For instance, Agatha Christie’s The Man in the Brown Suit features dreamer Anne Beddingfield. When her professor father dies, leaving her nearly penniless, Anne agrees to move in with her father’s solicitor and his family while she decides what her next steps in life will be. Anne dreams of adventure, though, and soon finds life with her “adopted” family rather dull. One day, she’s at a tube stop when she witnesses a terrible accident. A man falls onto the tracks and is killed. As his body is being taken away, a paper flutters out of his pocket. Anne picks it up and finds a cryptic message on it. By chance, she discovers that the note refers to a forthcoming voyage of the Kilmorden Castle to Cape Town. On impulse, Anne decides to follow her dream of adventure and buys passage on the ship. She’s soon swept up in a web of international intrigue, stolen jewels, kidnapping and murder. Throughout the story, Anne remains resilient, even though things get very dangerous for her more than once. You could say that it’s in part her dream of adventure that keeps her going.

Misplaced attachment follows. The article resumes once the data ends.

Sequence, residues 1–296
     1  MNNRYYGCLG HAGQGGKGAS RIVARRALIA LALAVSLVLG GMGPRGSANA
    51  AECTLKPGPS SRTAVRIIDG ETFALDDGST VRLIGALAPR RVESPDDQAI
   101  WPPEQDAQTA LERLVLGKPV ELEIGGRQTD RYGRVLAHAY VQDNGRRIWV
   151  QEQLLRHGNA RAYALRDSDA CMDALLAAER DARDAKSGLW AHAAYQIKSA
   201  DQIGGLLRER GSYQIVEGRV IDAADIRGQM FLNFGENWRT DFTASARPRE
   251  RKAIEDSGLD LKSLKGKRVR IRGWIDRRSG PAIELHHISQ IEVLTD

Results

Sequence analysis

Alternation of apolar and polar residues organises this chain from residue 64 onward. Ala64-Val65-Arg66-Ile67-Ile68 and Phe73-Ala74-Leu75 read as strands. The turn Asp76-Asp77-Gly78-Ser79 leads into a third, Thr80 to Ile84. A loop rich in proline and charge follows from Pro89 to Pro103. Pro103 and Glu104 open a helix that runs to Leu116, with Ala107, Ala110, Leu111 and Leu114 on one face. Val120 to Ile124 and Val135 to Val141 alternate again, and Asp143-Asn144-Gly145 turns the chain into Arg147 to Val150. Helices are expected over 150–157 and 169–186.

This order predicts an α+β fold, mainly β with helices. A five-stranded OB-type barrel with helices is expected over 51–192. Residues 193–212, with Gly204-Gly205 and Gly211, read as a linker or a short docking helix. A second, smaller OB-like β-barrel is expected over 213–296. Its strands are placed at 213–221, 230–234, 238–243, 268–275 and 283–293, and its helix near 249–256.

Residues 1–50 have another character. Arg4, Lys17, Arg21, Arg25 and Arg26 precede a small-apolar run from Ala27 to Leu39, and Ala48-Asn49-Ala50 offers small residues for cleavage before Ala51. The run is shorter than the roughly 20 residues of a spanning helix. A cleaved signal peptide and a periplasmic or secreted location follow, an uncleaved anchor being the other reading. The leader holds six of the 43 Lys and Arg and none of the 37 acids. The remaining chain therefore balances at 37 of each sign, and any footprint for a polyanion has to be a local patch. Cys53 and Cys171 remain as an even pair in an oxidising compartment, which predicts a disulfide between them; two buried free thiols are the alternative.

In Christie’s The Hollow (AKA Murder in Retrospect), we meet Harley Street specialist Dr. John Christow. Christow’s got an all-consuming dream: he wants to cure Ridgeway’s Disease, which is fatal. What’s interesting about his dream is that he isn’t pursuing it for fame or glory. He’s intellectually passionate about finding out what causes the disease and how to cure it. Christow’s passion for his dream is a critical part of his character; in fact, his mistress Henrietta Savernake acknowledges that to Christow, his dream is more important than anything else – including her. Christow’s dreams are ended when he’s fatally shot during a week-end stay at the country home of Sir Henry and Lady Lucy Angkatell. Hercule Poirot is staying at a getaway cottage nearby, and happens to come upon the murder scene because he’s been invited to the Angkatells’ home for lunch that day. He works with Inspector Grange to find out who killed Christow and why. Also staying at the Angkatells’ home is Lucy Angkatell’s younger cousin Midge Hardcastle. She lives a much more working-class life than do her wealthy and privileged relations, and she resents the Angkatells for their obliviousness to the hard realities of daily life. Midge has fond memories of Ainswick, the Angkatell family home, from her youth. In fact, she still dreams of the place and of life there with Edward Angkatell, whom she’s loved as long as she can remember. Although Midge’s love of Edward and of Ainswick aren’t the central core of the plot, they make for an interesting sub-plot and they add a layer of interest to Midge’s character.